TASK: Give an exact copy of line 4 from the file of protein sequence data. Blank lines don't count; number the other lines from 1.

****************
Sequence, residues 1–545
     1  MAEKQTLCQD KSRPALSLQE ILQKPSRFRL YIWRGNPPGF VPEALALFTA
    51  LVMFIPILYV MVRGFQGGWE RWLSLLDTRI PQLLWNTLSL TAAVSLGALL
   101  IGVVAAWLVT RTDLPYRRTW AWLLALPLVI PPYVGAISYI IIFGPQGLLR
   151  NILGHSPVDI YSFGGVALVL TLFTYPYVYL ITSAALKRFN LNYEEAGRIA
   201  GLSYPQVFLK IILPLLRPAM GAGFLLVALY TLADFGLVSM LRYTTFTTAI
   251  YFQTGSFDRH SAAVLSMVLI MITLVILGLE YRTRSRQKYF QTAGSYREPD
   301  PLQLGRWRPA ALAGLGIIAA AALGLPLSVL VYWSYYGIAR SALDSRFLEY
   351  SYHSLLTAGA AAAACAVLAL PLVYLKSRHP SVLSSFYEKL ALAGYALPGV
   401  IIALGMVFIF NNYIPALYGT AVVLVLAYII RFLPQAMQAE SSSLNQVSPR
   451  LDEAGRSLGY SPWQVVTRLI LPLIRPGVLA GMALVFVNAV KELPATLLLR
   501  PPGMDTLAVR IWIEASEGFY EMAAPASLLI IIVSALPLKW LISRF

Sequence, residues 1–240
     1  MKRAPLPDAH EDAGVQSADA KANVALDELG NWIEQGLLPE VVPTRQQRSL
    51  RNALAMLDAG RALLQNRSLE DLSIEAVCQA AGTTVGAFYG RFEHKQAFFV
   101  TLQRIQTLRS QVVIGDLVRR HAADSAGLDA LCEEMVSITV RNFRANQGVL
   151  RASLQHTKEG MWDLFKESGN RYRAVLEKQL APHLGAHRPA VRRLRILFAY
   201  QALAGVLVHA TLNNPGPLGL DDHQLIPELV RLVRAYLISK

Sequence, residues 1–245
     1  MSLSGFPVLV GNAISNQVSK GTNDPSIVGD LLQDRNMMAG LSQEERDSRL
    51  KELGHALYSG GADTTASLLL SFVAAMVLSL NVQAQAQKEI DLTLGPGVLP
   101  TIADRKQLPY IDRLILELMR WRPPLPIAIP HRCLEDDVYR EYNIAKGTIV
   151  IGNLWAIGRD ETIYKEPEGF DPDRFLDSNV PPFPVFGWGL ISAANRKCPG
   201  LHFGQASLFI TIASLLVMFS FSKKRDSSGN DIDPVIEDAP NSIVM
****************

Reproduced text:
   101  IGVVAAWLVT RTDLPYRRTW AWLLALPLVI PPYVGAISYI IIFGPQGLLR